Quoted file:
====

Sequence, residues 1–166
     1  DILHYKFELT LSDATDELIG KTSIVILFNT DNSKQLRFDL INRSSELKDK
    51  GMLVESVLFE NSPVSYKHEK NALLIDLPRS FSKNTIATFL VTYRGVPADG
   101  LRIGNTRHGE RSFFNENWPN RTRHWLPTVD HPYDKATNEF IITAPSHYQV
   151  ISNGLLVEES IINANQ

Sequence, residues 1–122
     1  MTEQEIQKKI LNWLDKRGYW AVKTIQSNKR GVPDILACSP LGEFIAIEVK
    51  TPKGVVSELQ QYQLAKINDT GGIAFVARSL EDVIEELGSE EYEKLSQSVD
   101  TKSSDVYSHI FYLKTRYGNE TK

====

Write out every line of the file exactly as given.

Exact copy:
Sequence, residues 1–166
     1  DILHYKFELT LSDATDELIG KTSIVILFNT DNSKQLRFDL INRSSELKDK
    51  GMLVESVLFE NSPVSYKHEK NALLIDLPRS FSKNTIATFL VTYRGVPADG
   101  LRIGNTRHGE RSFFNENWPN RTRHWLPTVD HPYDKATNEF IITAPSHYQV
   151  ISNGLLVEES IINANQ

Sequence, residues 1–122
     1  MTEQEIQKKI LNWLDKRGYW AVKTIQSNKR GVPDILACSP LGEFIAIEVK
    51  TPKGVVSELQ QYQLAKINDT GGIAFVARSL EDVIEELGSE EYEKLSQSVD
   101  TKSSDVYSHI FYLKTRYGNE TK